Chequamegon-Nicolet National Forest: Greenwood Project


The project planning team for the Chequamegon-Nicollet National Forest used the Adaptation Workbook to review an early version of the Proposed Action for the Greenwood project in December 2015.  The project is currently on hold but planning will resume in the winter of 2016-2017. 

An interdisciplinary project planning team on the Washburn Ranger District of the Chequamegon-Nicollet National Forest is thinking about climate change risks and adaptation opportunities for a large vegetation management project.

Project Area

The Greenwood Project area covers almost 32,000 acres of National Forest Land on the Washburn Ranger District. This area is west of Ashland, WI, and north of US-2. This area contains a mix of forest cover types - pine, oak, aspen, and northern hardwoods. The Greenwood area also surrounds the Moquah Barrens special management area, which lies near the east end of an extensive outwash sand plain in northwestern Wisconsin.

Management Goals

A example of pine forests within the Greenwood project area. Photo credit: Michelle Davalos, US Forest Service

A recent assessment revealed that there is an overabundance of aspen and oak stands that are 75-80 years old across the Greenwood project area. This large "bubble" in the age class distribution is a liability for the Forest Service, particularly because these aspen and oak stands are reaching the end of their lifespans on the dry, nutrient-poor soils of the project area. If these stands decline and break apart through natural succession, and without large fires or other disturbances, they will likely convert to poor-quality northern hardwoods  that provide limited ecological or economic value, and offer few management options once established.  Therefore, the major management goals of this project are to regnerate the highest-risk oak and aspen forests and also re-establish pine forests where appropriate. 

Climate Change Impacts

For this project, the most important anticipated climate change impacts include:
More days with extreme heat and earlier spring season may lead to more wildfire activity in the project area and potentially more fire starts.
Aspen may be particularly at risk in this project area - older stands will be stressed more than younger stands, and sandy soils will be more prone to drought
Knapweed, leafy spurge, honeysuckle, and buckthorn have the potential to increase with more disturbance and changing growing seasons.

Challenges and Opportunities

Climate change will present challenges and opportunities for accomplishing the management objectives of this project, including:


There are challenges for managing aspen and oak stands in this project area even without climate change - additional stress may make this more difficult
Milder winters may boost deer populations, so there will be more browse damage on oak stands


Bur oak, white oak, red pine, and white pine are all potential "increaser" species across the Greenwood project area
There may be opportunities to introduce rare plants like lupine in the project area - this occurs ~100 miles to the south currently, but the Greenwood project area could become suitable habitat for the Karner Blue Butterfly

Adaptation Actions

Project participants used the Adaptation Workbook to develop several adaptation actions for this project, including:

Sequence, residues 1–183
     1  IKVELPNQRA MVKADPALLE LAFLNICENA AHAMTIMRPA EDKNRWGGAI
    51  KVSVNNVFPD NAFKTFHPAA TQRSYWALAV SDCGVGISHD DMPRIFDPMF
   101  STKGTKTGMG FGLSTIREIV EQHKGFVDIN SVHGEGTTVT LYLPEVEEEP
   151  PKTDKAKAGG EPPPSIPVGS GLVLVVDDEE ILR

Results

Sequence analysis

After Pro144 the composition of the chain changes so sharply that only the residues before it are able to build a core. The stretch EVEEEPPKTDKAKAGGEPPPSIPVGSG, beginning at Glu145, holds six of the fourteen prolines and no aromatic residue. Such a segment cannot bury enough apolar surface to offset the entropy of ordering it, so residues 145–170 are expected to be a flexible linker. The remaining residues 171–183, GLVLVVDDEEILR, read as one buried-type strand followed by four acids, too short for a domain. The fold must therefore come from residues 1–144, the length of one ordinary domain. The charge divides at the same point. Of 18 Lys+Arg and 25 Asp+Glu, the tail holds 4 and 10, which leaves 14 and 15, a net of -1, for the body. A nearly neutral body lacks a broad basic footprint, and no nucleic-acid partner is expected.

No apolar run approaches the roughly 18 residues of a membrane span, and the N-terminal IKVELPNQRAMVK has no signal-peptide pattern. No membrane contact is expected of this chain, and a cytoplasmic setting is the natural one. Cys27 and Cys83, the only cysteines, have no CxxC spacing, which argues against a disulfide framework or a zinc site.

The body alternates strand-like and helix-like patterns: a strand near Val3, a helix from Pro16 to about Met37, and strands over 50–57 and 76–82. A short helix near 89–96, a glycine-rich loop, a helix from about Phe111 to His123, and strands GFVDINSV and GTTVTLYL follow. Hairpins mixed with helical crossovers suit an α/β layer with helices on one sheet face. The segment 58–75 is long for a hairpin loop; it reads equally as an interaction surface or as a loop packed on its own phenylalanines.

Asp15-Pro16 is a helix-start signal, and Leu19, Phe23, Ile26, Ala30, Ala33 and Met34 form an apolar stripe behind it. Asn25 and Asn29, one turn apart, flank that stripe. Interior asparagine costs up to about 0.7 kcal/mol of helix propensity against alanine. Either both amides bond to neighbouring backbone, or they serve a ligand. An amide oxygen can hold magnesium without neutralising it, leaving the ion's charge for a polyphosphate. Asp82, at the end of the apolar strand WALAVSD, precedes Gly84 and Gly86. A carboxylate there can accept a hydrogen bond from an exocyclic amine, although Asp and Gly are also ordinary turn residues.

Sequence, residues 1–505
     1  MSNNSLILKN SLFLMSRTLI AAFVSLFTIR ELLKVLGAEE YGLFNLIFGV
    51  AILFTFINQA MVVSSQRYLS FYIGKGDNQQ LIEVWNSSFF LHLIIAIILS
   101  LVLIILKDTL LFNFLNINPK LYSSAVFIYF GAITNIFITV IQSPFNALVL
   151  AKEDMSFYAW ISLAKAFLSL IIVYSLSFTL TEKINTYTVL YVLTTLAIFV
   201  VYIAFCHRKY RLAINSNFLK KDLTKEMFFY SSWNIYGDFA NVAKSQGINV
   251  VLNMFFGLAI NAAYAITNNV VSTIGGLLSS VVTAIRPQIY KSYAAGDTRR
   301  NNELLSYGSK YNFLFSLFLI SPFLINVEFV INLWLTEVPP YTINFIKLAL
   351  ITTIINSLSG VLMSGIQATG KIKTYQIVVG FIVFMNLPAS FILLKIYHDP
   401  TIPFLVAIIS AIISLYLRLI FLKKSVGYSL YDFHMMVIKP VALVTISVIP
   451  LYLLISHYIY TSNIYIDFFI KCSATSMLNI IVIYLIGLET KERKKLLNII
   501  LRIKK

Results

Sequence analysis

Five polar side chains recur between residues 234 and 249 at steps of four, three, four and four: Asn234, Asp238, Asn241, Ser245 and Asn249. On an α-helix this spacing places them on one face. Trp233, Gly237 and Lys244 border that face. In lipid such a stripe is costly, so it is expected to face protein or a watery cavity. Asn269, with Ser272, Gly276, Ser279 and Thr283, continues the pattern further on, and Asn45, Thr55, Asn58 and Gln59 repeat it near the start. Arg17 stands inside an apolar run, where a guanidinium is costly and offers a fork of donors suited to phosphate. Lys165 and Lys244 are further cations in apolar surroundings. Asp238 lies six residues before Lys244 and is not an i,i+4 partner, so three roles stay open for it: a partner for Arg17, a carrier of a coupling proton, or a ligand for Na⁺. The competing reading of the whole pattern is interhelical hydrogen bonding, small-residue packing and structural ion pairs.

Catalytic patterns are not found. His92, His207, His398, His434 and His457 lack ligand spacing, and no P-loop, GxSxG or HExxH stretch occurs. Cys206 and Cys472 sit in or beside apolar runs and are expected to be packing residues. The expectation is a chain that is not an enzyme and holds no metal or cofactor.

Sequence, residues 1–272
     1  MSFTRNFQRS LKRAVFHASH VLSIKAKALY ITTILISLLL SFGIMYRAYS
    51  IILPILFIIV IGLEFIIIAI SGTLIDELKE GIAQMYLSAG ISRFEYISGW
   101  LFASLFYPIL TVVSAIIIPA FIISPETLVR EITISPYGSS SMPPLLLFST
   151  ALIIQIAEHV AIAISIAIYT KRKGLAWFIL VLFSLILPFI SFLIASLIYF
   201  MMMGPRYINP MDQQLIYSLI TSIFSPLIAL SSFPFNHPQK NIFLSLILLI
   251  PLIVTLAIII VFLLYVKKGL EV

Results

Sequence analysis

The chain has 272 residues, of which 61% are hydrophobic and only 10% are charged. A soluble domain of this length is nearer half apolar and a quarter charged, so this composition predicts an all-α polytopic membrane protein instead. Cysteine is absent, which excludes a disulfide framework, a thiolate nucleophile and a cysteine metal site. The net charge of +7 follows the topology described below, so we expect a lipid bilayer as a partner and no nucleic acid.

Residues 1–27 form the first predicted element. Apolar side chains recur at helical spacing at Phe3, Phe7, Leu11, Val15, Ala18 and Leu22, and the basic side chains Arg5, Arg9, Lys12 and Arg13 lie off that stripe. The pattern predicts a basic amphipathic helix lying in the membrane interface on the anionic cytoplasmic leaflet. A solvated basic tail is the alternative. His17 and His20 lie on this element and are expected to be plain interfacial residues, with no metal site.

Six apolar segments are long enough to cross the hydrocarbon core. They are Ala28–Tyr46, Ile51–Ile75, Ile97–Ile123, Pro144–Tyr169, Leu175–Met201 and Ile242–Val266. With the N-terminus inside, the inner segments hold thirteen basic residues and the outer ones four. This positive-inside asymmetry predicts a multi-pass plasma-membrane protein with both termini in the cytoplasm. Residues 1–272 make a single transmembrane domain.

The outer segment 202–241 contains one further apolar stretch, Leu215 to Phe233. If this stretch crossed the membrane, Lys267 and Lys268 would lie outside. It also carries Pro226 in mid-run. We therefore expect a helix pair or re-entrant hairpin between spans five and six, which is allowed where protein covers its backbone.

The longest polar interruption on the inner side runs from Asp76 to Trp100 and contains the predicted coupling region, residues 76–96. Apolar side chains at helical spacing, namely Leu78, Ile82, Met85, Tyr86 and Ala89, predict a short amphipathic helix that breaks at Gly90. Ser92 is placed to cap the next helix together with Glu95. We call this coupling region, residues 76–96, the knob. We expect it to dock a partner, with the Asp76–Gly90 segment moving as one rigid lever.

Oak stands
5.2. Maintain and restore diversity of native species.
9.3. Guide changes in species composition at early stages of stand development.
TSI crop tree release for within-stand diversity @ age 10-30 - wherever diversity is needed.
Favor oaks and white pine, and also paper birch because it is rare
9.1. Favor or restore native species that are expected to be adapted to future conditions.
Plant bur oak, white oak, northern red oak, hackberry, black cherry, and pin cherry.
Aspen stands
5.2. Maintain and restore diversity of native species.
5.3. Retain biological legacies.
Build reserve islands around pockets of diversity
Retain smaller sub-merchantible red and white pine in reserve pockets
Increase species diversity in aspen stands where diversity exists - leave trees like oak and conifers in an aspen stand and follow reserve tree guidelines
5.2. Maintain and restore diversity of native species.
9.1. Favor or restore native species that are expected to be adapted to future conditions.
Supplemental planting in aspen stands that do not currently have much spp diversity - plant white pine or oak or white spruce. Identify some smaller stands to try this.
5.1. Promote diverse age classes.
Regenerate cohorts of older, high-risk aspen
White pine
5.2. Maintain and restore diversity of native species.
9.1. Favor or restore native species that are expected to be adapted to future conditions.
Increase white pine as a component in stands with shelterwood overstory, or paper birch stands with red maple, or underplant under a red pine shelterwood.
Planting white pine - brachy, scarify, plant - plant 400-500 TPA in oak shelterwoods

Project Photos

Click to enlarge photos

Next Steps

The Greenwood Project is temporarily on hold in the fall of 2016 due to a large storm and salvage project. Planning will resume in the winter of 2016-2017, and the ideas from the Adaptation Workbook will be refined into a Proposed Action.

Learn More

To learn more about this project, contact Stephen or learn more at:


Oak, Upland hardwoods, Early-successional habitat, Fire and fuels

Last Updated

Tuesday, November 8, 2016